For so long, our job has been to be students. We have focused on the future, our futures, and how to achieve change through intellectual, academic discourse, rather than how to value the possibility of the moment. We’ve been caught up in making distinctions and dichotomies, reevaluating the significance of our actions. But in asking the question, “what is doing good?” which implicitly creates the opposing idea of not doing good, it comes at a cost: instead of forcing ourselves to understand the multiple positions we hold in relation to so many others, and how we do do good every day, we limit our understanding of what good is. We don’t think about our hours working in the Dining Hall, serving people food; the brief conversations we have with acquaintances that may have lasting impacts; the time we take for ourselves, which seems like a selfish waste at the time, but which supports everything else we decide to do. But even if we’ve identified what doing good is here at Grinnell, how do we identify the good, what to uphold, what to fight for, in a different place? Is it the same?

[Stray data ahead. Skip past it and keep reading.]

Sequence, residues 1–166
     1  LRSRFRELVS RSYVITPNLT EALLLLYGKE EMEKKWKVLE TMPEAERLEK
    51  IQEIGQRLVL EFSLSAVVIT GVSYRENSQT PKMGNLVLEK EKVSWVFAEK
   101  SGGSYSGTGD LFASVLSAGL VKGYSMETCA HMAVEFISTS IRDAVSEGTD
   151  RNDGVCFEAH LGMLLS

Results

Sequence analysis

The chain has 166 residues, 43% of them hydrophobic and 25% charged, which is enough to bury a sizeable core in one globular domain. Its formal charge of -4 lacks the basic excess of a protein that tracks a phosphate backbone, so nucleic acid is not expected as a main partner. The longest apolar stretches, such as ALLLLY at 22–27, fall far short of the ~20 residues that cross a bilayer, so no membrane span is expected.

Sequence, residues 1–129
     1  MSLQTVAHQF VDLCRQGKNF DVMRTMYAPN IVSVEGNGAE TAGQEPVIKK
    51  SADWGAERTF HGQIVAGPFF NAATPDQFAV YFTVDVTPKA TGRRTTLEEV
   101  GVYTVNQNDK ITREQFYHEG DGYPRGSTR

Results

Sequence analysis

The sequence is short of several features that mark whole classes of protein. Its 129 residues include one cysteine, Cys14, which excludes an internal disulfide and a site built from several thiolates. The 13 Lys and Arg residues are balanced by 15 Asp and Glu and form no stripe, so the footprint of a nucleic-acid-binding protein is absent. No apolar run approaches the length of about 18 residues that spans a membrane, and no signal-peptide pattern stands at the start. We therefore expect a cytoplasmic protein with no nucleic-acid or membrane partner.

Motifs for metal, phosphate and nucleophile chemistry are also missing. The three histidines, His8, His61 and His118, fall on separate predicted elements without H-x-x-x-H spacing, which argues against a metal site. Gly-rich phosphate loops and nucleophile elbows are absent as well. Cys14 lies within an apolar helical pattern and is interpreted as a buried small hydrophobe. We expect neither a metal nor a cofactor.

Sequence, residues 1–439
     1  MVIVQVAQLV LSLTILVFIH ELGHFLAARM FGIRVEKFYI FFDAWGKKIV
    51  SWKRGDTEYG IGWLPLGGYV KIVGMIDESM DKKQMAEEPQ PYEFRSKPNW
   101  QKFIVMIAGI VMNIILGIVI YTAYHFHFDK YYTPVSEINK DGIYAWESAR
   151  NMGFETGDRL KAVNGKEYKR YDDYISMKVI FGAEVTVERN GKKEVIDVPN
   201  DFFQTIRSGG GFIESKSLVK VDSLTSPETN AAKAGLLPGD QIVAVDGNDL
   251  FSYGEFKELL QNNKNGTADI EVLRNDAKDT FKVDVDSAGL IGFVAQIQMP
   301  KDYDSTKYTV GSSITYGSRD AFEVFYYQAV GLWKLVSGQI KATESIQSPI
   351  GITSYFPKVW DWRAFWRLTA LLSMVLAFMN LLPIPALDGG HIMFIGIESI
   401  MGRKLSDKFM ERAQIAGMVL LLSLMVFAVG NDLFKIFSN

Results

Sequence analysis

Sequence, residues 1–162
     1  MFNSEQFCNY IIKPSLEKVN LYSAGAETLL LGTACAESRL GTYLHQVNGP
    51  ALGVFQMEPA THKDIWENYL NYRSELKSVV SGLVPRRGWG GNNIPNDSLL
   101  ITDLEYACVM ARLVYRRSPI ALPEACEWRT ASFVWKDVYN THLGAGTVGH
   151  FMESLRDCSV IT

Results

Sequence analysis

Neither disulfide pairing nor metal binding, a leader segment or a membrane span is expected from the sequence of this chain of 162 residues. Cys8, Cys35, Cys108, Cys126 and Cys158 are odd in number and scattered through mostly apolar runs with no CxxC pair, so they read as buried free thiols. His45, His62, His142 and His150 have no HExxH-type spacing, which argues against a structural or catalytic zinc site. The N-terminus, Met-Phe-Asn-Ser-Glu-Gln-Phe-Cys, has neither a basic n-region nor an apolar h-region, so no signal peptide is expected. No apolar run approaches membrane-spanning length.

I think without understanding the many forms of doing good, we have come to undervalue the things that we and those around us do each day. We need to expand our notions of doing good to spaces outside of direct service or academia. Working for an hourly wage, taking time for yourself to figure out how to utilize what you’ve learned here in the most fulfilling way. Even, and, I hate to say it, selling insurance, these are equally, if not, in some ways, more meaningful, than officially ordained spaces for doing good. It’s a frightening prospect that, in our educational endeavors, we have forgotten or taken for granted what it takes to allow us the opportunity to pose questions such as these. The good that comes from people we do not know, have not met, and who do not receive credit or even know that they have helped us along. What I struggle with is the thought that we make the strict division between charitable and dutiful pursuits as respectively good and bad, and disregard what we do not consider “doing good,” like this. This way of thinking severely limits our experiences, our relationships, and the ways we value our actions. Like the conversation I had with that acquaintance, the common sentiment here is that only those official spaces of service are considered worthy and able of doing good. And anything else might be cast out as ordinary, simple, selfish. But this viewpoint does not acknowledge the fundamental realization I have had at Grinnell: though it sounds trite, everyone and everything is connected- structurally, emotionally, mentally. At any other time, this may have seemed entirely obvious, but I think, at least on this campus, it’s fully recognized now.